Generalizing, we could say that there are two types of tomato sauce in Italy: one is typical of the Centre-North, the other comes from the Centre-South.
The Northern sauce is the one you use for tagliatelle. Simple: tomato, pasta, parmesan.
The Southern sauce is instead the one which goes in Pasta alla Norma, or with seafood.
There are many differences between the two: in the North, tomato sauce is made starting with a mirepoix of carrots, celery and onions; in the South, the first step is preparing a garlic sauté, possibly using crushed, unpeeled garlic cloves.
The Northern sauce is prepared in a pot, whilst the Southern sauce is cooked in a pan. For this reason, the sauce in the North is mostly boiled, whilst the sauce in the South is fried.
Boiled tomatoes are sweet, while the browned tomatoes of the South have a sharper taste.
Try browning some crushed, unpeeled garlic in oil, drain the peeled tomatoes of water and then lay them on the hot oil. Let them brown over low heat. Using your finger, taste the tomatoes on top, which haven’t had time to brown yet: you will find them sweet. After a while, turn them over. You’ll notice that the colour has changed, and that the tomatoes have gone from red to orange. Taste them with a finger: the flavour will no longer be sweet, but harsh.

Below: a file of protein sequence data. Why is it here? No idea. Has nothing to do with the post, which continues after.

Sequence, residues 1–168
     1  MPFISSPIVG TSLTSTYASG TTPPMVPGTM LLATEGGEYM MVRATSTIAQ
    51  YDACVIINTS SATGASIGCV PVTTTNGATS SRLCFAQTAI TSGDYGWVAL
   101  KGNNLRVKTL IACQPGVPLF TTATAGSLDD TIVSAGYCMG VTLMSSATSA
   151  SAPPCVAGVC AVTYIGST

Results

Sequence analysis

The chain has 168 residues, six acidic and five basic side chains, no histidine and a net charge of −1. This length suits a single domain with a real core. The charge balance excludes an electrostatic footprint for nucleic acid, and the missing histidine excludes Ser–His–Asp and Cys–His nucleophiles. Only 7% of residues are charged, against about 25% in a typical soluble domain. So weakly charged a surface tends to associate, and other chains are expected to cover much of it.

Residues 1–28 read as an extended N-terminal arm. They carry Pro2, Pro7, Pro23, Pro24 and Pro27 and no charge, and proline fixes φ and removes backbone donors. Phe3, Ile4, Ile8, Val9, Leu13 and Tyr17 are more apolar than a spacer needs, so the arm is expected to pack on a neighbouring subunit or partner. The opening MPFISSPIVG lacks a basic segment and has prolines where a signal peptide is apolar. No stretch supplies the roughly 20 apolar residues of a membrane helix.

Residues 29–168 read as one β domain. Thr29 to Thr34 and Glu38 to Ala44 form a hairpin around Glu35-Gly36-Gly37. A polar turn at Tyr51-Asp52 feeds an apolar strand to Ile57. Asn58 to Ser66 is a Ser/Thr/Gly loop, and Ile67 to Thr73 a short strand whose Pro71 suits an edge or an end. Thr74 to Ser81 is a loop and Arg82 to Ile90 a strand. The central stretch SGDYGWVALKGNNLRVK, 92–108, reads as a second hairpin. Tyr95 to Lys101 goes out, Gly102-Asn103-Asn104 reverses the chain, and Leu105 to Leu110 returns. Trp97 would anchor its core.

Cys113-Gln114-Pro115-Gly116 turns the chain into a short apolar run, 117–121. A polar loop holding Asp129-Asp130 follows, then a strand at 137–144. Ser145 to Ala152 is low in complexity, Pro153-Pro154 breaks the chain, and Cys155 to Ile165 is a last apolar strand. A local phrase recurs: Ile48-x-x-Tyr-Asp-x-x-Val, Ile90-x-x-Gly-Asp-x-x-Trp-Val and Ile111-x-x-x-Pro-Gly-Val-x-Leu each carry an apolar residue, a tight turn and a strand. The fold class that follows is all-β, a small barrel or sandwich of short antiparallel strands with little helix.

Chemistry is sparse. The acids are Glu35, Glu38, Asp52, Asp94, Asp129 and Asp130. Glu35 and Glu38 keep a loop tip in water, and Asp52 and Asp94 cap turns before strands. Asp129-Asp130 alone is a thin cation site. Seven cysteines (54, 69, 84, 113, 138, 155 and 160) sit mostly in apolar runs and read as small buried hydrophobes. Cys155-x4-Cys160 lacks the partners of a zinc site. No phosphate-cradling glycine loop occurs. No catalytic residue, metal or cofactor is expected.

Here lies the biggest difference: while boiled sauces can be put directly on pasta, sauces from the Centre-South always rely on some other ingredient to sweeten them; aubergines, prawns, seafood, bell peppers- something to balance out the sourness.
Don’t take this as a rule, but rather as a key to interpret which tomato sauce goes best with our dishes.